A Sea of Grass…A Bountiful Food Supply!

As I drove around in a jeep across Central Kenya last December, I saw a sea of grass that brought me a sense of déjà vu.  This visual image is a familiar one to me… I see it every time I drive across Nebraska visiting ranches and procuring cattle for my feed yard…

A black rhino wandering through a sea of grass...

In Kenya, much of this grass is used to feed wild animals which drive one of the largest industries in the country: tourism.

Some of my cattle---amidst a sea of grass in Nebraska...

In Nebraska, much of this grass is used to feed millions of cattle which drive the largest industry in the state: beef production.

Nebraska is home to the top three cow counties in the United States which means that we have a very large number of cow/calf ranches where baby calves are born.  Nebraska also ranks 1st in commercial red meat production and 2nd overall in all cattle and cattle sales.  This means that there is also a large number of cattle feed yards (like mine) where millions of animals are finished in preparation for harvest, and several packing plants to harvest the animals.  With a reported statistic of 99% family owned and operated the vast majority of these cattle farms are like Matt’s and mine.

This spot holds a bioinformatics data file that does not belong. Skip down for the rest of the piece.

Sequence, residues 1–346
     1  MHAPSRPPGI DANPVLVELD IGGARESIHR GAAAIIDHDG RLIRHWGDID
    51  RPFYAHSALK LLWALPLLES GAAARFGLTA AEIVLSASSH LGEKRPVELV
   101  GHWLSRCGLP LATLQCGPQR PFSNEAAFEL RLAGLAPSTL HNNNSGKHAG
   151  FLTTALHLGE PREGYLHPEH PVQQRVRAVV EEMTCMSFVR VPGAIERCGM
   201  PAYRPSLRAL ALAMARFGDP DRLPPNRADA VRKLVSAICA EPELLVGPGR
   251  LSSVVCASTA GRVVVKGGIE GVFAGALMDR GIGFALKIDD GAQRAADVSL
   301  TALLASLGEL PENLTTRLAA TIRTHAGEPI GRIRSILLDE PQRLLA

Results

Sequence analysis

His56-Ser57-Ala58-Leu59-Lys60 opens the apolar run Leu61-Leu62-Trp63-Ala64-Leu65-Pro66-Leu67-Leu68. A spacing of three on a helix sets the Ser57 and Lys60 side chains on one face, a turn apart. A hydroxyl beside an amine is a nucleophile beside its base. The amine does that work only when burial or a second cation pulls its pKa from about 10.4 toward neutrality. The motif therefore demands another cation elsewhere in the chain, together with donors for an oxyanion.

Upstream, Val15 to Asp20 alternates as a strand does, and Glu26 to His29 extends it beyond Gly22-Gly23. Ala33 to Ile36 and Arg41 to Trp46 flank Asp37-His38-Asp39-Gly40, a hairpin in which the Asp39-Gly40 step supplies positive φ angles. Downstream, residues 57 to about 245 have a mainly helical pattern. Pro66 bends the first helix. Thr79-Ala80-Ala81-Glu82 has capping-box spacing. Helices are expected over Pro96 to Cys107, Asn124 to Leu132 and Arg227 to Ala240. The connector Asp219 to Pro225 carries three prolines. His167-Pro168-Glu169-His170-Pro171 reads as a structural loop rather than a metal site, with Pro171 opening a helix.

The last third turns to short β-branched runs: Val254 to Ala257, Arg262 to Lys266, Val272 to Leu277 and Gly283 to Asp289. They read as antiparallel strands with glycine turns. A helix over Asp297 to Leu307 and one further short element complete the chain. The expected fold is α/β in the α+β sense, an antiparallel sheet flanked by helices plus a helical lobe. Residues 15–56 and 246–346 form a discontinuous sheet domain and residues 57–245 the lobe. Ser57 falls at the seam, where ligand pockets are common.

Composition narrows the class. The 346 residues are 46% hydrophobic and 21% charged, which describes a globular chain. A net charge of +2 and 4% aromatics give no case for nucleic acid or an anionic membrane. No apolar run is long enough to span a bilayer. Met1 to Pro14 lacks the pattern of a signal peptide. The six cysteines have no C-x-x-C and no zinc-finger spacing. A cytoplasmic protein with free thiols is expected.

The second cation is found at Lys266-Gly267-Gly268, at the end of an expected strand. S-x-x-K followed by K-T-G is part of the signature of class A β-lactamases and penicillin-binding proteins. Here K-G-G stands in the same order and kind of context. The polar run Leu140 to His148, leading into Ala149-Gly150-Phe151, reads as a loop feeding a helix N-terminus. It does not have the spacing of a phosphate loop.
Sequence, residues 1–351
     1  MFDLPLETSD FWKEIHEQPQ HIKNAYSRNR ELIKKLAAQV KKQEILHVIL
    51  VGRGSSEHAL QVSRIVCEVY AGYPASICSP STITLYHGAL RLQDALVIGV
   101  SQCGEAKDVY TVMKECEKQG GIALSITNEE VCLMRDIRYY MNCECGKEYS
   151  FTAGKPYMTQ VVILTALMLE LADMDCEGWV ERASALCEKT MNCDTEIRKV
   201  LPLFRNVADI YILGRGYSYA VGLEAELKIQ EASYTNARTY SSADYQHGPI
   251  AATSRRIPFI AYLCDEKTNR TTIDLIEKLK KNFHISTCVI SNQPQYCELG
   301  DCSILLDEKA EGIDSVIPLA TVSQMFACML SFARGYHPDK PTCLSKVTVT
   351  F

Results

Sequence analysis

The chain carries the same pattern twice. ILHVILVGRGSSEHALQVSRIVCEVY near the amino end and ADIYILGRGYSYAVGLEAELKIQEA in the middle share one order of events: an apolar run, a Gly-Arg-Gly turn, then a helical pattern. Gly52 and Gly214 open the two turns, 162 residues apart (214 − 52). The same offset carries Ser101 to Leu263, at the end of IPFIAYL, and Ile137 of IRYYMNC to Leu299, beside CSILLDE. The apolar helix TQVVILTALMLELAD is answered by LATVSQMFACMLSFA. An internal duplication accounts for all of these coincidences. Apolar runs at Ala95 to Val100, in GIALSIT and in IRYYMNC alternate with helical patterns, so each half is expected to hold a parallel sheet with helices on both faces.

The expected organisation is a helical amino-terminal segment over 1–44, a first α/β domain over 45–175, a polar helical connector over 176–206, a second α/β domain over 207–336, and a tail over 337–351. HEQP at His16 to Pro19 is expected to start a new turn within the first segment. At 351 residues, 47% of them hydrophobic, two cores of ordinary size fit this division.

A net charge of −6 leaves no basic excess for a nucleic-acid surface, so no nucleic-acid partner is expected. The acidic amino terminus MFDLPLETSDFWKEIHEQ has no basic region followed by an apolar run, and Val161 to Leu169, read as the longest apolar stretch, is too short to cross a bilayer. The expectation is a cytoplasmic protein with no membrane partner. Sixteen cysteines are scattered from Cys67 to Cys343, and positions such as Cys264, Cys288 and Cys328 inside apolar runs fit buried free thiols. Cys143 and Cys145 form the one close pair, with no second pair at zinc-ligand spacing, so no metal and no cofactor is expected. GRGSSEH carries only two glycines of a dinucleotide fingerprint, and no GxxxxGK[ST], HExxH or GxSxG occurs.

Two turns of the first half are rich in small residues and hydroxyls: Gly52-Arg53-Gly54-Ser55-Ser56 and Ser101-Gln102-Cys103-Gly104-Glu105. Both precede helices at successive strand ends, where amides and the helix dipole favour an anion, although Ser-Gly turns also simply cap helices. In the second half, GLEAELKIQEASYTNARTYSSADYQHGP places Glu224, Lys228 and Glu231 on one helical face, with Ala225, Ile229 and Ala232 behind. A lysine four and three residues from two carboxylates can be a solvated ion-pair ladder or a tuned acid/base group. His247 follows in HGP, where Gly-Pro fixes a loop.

Megan learns great life lessons learning the personal responsibility that it takes to care for cattle...

Grass is a wonderful resource which is not only aesthetically pleasing, but also a critical component to raising beef.  Cattle, as ruminant animals, have a digestive tract that is made up of four compartments.  This unique digestive process allows for cattle to be tremendously efficient grass converters. This provides a core component in our effort as farmers to convert a non-edible resource (grass) into a nutrient packed and great tasting human protein source (beef). Because the average beef producing bovine spends the first 12-18 months of his life grazing, and reproductive herds spend their entire lives grazing, it requires a large amount of grass to sustain Nebraska’s herds.